Women are key to creating lasting peace, from rhetoric to real action on the ground

October 16, 2015

Hivos travelled to New York this week to participate in the High-Level Review of UN Security Council Resolution 1325 on Women, Peace and Security that is taking place on the eve of the resolution’s 15th anniversary. In this visit, organised as part of Women on the Frontline programme, Hivos joined forces with Karama to advocate for greater participation of women in the Middle East and North Africa in peace and security decision making, and to demand that states are held accountable to what they signed up for. 

The historic resolution 1325 adopted on 31 October 2000, not only recognised that women are adversely affected by conflict, but also that women are an untapped resource for peace building and post-conflict reconstruction. While the resolution itself might have been groundbreaking, its implementation in the Middle East and North Africa leaves much to be desired. Putting the resolution into practice is at the discretion of states but on the ground, the will to do so appears to be lacking. The Women on the Frontline and Karama delegation highlighted this shortcoming during high-level meetings and conversations with the media.

During a press briefing on 13 October the delegation – all women directly affected by current conflicts in Libya, Syria, Iraq, Sudan, and Palestine – presented their views and recommendations on how best to create momentum behind the implementation of 1325 in the Middle East and North Africa. This included a call for a more coherent and holistic approach addressing root causes of conflict and extremism. As Hivos partner Dr. Mouna Ghanem, founder and coordinator of the Syrian Women’s Forum for Peace, stated: There will be no peace in Syria without development. We want to a humanitarian zone in Turkey to support the Syrians and build resilience in the communities preventing them from fleeing to neighbouring countries or radicalize and join ISIL.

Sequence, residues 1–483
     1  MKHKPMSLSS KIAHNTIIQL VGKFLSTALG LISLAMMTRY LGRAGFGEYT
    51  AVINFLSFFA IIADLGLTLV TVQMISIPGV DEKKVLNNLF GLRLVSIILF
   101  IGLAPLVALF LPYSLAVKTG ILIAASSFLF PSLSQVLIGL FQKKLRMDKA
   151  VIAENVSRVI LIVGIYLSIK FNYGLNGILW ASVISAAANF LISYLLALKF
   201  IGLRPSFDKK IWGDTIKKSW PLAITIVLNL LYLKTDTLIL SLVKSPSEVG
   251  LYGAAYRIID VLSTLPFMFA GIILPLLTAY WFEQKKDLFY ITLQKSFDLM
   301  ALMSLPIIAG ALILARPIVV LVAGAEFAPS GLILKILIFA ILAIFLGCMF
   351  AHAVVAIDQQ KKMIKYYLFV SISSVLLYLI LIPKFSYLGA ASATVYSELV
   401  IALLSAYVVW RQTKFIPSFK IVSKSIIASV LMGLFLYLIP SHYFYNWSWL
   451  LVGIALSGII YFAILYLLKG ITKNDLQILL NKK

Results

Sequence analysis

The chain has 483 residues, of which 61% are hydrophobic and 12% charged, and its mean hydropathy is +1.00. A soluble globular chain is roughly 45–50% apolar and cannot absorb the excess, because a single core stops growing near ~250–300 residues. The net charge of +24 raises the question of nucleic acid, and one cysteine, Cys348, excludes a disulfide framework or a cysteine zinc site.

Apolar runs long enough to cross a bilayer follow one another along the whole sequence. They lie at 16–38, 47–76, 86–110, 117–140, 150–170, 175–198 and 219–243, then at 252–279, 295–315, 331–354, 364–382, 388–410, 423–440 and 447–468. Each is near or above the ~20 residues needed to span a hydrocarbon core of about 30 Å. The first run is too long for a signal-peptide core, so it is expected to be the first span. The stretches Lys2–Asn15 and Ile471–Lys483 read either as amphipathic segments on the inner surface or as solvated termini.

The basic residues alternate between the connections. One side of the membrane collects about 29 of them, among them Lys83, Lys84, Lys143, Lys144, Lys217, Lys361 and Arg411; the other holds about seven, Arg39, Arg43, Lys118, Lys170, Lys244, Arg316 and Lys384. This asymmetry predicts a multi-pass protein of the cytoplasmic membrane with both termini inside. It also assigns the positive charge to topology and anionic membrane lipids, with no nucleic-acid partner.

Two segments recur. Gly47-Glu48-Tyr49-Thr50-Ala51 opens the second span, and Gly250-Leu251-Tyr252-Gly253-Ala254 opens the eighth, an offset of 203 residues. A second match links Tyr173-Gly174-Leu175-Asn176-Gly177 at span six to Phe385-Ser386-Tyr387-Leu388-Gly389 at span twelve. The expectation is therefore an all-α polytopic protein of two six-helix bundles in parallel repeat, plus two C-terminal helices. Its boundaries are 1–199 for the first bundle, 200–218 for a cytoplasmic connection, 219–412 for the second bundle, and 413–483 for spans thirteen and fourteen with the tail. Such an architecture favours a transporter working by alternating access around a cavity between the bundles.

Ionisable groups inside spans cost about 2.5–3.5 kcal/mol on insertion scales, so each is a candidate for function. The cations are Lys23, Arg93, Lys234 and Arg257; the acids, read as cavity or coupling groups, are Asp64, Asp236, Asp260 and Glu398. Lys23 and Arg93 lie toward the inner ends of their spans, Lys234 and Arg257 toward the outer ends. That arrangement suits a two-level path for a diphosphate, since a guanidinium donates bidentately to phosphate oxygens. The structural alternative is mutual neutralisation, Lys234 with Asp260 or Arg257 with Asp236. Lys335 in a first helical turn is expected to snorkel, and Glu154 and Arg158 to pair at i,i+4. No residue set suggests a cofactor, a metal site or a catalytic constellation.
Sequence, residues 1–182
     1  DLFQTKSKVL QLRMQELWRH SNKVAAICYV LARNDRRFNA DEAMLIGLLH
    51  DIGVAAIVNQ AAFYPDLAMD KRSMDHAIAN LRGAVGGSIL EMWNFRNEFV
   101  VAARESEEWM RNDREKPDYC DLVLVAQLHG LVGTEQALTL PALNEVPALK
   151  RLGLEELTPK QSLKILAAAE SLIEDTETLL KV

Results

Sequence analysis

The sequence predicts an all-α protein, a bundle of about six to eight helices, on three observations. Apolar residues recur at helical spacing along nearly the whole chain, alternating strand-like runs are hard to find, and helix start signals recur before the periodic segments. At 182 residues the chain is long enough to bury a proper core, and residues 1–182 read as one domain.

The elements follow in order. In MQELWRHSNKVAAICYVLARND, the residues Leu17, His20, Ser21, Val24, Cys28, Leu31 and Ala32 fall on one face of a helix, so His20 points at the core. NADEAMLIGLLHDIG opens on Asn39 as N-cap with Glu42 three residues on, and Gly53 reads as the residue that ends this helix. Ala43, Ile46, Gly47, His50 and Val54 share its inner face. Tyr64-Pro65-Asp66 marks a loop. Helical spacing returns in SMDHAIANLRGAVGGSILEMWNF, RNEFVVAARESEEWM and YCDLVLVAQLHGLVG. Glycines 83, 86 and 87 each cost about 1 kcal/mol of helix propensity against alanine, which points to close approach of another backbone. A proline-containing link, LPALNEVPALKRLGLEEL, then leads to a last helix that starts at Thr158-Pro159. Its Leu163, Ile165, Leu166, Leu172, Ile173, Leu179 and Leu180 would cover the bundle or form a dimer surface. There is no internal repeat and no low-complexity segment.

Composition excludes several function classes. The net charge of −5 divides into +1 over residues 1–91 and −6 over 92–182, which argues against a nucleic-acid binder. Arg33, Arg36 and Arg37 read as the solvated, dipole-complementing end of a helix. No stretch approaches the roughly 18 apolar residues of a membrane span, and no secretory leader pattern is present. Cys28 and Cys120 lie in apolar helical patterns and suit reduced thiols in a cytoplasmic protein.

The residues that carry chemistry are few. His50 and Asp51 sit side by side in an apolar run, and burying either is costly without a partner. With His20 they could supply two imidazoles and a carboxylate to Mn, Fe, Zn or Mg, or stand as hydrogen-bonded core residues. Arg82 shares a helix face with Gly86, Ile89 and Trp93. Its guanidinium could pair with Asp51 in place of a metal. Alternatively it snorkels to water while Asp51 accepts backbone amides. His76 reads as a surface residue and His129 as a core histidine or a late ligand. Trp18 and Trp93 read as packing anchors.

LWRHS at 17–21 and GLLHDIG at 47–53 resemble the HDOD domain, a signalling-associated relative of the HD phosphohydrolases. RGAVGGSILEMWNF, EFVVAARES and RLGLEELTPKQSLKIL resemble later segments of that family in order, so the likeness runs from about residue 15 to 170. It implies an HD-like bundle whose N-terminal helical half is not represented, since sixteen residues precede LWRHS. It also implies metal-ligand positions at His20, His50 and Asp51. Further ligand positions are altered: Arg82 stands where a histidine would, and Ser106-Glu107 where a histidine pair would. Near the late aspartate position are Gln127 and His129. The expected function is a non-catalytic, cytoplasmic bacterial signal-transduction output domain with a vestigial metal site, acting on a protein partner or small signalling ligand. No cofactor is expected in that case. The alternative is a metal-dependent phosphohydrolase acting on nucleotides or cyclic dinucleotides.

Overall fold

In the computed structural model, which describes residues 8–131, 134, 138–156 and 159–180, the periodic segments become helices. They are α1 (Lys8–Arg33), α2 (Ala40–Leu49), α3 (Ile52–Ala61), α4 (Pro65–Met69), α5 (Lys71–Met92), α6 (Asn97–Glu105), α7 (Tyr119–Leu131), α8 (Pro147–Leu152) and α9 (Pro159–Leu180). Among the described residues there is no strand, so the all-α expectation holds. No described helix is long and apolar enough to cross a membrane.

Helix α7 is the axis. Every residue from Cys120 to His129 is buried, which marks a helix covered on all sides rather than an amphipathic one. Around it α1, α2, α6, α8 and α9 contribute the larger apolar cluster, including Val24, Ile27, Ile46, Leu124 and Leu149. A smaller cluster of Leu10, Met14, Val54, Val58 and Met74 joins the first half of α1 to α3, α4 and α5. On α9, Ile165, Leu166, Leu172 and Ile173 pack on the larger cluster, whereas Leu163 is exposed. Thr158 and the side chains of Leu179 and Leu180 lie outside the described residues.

The delegation also emphasised that women are the eyes and the ears of their communities. To fight extremism, you need to work with women leaders. They know what it takes to build resilient societies and they are developing a new discourse to work on sustainable and lasting peace by engaging the communities and by focusing on demilitarisation. 

To view the press briefing that was facilitated by the Permanent Mission of the Netherlands to the United Nations, see the video below:

Speakers were: Dr. Mouna Ghanem, Founder and coordinator of the Syrian Women’s Forum for Peace (Syria), Fatima Outaleb, Director of Union de l’Action Feminine’s women’s shelter and a member of its Board of Directors (Morocco), Amal Bugaighis, Attorney and Co-founder of the Libyan Human Rights Association and the Committee of Women Support to Participate in Decision Making (Libya), and Dr. Lily Feidy, CEO of Miftah, the Palestinian Initiative for the Promotion of Global Dialogue and Democracy (Palestine).